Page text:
See also[edit]

References[edit]

  1. ^ a b c d e Martin, Douglas (June 25, 2011). "Randall Adams, 61, Dies; Freed With Help of Film". NYTimes.com. Retrieved June 28, 2011. 
  2. ^ Suro, Roberto (March 2, 1989). "CONVICTION VOIDED IN TEXAS MURDER". New York Times. Retrieved March 11, 2008. 
  3. ^ a b Suro, Roberto (November 27, 1988). "DEATH ROW LUCK: 'I'M STILL ALIVE'". Chicago Tribune. Retrieved March 11, 2008. 
  4. ^ "Randall Dale Adams returns to Dallas". Austin American-Statesman. December 4, 1989. Retrieved March 11, 2008. 
  5. ^ "'Blue Line' inmate freed after 12 years". Chicago Tribune. March 22, 1989. Retrieved March 11, 2008. 
  6. ^ David Ray Harris #916
  7. ^ Randall Dale Adams
  8. ^ Executed murderer had official accomplices | Freepress.org
  9. ^ Execution Report: David Harris - Page 1
  10. ^ a b Ball, Linda Stewart. "Texas exoneree featured in 'Thin Blue Line' dies". khou.com. Retrieved June 25, 2011.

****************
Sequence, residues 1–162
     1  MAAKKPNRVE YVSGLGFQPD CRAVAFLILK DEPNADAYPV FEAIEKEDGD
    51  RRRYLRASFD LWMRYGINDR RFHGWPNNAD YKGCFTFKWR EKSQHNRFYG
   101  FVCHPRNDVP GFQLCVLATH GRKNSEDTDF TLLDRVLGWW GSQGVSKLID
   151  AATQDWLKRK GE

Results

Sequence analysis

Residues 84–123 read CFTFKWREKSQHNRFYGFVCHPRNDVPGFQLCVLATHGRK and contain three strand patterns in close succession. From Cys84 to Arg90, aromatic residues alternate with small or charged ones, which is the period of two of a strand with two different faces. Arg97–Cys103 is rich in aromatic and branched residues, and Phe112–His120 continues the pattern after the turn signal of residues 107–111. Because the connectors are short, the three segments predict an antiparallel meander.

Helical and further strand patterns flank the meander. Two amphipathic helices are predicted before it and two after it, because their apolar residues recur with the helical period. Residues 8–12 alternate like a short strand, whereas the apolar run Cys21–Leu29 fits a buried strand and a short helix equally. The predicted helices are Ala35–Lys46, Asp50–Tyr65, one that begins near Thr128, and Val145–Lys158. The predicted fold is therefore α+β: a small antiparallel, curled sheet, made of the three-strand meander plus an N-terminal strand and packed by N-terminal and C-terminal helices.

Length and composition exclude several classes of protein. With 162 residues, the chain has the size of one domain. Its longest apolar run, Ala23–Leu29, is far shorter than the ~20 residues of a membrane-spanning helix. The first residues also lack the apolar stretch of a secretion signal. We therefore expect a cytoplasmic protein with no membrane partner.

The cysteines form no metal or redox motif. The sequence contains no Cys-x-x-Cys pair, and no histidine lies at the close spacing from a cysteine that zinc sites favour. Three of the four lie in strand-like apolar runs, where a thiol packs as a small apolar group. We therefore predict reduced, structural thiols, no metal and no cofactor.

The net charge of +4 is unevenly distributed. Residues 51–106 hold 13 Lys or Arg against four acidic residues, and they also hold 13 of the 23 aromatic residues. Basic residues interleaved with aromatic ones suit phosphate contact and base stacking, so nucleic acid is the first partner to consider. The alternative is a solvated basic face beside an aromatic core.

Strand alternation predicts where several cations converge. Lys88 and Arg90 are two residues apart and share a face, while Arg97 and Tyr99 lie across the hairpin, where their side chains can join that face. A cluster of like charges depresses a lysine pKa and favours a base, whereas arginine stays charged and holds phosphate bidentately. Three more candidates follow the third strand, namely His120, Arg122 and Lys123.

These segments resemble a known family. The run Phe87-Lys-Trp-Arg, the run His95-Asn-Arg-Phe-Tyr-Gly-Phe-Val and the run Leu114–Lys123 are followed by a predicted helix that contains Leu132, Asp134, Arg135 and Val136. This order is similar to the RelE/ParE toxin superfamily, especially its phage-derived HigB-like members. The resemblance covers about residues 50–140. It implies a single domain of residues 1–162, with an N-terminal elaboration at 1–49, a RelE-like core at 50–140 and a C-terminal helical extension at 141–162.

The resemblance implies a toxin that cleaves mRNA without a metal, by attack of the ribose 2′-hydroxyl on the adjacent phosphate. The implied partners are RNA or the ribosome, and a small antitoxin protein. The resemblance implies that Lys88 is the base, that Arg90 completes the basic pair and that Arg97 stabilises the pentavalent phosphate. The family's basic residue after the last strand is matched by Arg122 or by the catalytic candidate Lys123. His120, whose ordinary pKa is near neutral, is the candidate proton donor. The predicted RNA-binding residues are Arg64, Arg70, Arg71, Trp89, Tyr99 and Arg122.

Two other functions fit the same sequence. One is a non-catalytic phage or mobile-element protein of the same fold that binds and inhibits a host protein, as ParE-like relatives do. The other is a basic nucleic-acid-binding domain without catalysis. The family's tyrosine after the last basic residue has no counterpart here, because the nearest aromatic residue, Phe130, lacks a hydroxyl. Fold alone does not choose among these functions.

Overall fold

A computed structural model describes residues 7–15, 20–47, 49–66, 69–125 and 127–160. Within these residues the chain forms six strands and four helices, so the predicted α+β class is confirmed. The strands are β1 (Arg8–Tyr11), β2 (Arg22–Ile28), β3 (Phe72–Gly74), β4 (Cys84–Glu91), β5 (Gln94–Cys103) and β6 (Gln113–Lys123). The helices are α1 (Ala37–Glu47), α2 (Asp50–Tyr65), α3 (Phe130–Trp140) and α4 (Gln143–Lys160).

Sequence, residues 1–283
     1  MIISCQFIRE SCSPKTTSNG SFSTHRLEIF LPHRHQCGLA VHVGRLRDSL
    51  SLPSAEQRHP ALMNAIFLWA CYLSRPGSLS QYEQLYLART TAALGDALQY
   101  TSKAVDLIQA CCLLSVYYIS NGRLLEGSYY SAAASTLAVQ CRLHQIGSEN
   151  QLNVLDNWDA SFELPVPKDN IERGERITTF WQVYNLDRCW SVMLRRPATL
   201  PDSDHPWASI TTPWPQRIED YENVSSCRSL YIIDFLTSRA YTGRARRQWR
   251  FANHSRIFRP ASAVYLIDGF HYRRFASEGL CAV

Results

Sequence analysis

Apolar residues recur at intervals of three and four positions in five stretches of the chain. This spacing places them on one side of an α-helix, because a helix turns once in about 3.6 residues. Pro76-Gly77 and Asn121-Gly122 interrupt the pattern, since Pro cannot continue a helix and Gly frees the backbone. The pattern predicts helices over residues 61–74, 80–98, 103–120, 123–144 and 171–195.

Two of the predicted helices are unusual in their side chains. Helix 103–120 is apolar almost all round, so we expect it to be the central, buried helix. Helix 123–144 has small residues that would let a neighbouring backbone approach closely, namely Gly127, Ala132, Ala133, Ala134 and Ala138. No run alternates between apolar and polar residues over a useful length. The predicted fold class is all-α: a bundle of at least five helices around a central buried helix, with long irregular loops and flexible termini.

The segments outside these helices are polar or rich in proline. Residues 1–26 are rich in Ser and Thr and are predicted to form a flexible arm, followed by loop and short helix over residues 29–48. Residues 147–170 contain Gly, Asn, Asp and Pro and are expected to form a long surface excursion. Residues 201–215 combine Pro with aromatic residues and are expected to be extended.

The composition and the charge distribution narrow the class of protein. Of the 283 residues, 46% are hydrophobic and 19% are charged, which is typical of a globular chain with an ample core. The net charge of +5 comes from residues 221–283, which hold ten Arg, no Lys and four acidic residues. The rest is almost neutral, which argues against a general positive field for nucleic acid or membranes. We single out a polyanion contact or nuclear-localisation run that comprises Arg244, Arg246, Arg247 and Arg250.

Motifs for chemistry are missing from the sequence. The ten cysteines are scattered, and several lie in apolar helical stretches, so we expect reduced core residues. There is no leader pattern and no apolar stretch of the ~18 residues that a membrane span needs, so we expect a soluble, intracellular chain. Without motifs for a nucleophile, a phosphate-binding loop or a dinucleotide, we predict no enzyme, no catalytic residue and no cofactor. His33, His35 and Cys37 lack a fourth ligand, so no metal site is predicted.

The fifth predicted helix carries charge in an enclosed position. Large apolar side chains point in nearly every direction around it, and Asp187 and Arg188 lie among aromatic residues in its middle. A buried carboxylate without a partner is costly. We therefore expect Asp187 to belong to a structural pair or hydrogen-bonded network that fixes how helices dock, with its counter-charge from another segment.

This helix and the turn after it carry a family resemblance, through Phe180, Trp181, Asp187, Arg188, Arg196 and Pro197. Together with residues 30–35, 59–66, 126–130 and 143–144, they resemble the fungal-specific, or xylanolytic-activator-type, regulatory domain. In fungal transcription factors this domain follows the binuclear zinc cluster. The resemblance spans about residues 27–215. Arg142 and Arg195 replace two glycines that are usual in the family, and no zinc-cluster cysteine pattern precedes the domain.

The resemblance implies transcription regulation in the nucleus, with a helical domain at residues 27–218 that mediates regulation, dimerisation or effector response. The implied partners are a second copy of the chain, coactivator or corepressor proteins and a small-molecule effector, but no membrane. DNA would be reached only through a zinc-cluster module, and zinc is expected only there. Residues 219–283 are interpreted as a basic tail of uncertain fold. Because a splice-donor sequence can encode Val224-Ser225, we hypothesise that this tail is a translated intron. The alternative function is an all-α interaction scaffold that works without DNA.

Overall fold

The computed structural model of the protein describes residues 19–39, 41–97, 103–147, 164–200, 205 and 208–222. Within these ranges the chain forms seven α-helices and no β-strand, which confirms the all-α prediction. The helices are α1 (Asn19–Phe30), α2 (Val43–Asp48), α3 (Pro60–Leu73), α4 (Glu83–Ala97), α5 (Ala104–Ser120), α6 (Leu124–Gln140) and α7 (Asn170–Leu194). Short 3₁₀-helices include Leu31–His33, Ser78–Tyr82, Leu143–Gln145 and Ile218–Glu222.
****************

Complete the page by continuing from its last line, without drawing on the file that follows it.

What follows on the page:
11. ^ a b c d e f g Montgomery Brower, Anne Maier, Ken Myers, Sandra Gurvis. "Crossing a Line That Is Not Thin at All, Randall Dale Adams Wins Release from a Texas Prison," People Vol. 31 No. 14 (April 10, 1989)
  12. ^ "The Thin Blue Line Transcript". ErrolMorris.com. Retrieved March 11, 2008. 
  13. ^ a b Martin, Douglas (June 25, 2011). "Randall Adams, 61, Dies - Freed With Help of Film". New York Times. Retrieved December 27, 2012. 
  14. ^ Morris, Errol (February 2, 1989). "Predilections". The New York Times. Retrieved January 12, 2010. 
  15. ^ Bell, Laura (July 26, 1995). "Groups Expel Psychiatrist Known for Murder Cases; Witness nicknamed 'Dr. Death' says license won't be affected by allegations". Dallas Morning News. Retrieved March 21, 2009. 
  16. ^ "Effect of "Dr. Death" and his testimony lingers". Houston Chronicle. June 27, 2004. 
  17. ^ a b Jackson, David (May 14, 1988). "INMATE INNOCENT, CONVICT SAYS: But ruling could block new trial in slaying of Dallas officer". Dallas Morning News. Retrieved March 11, 2008. 
  18. ^ 768 S.W.2d 281 (Tex. Ct. Crim. App. 1989) (en banc), at [1].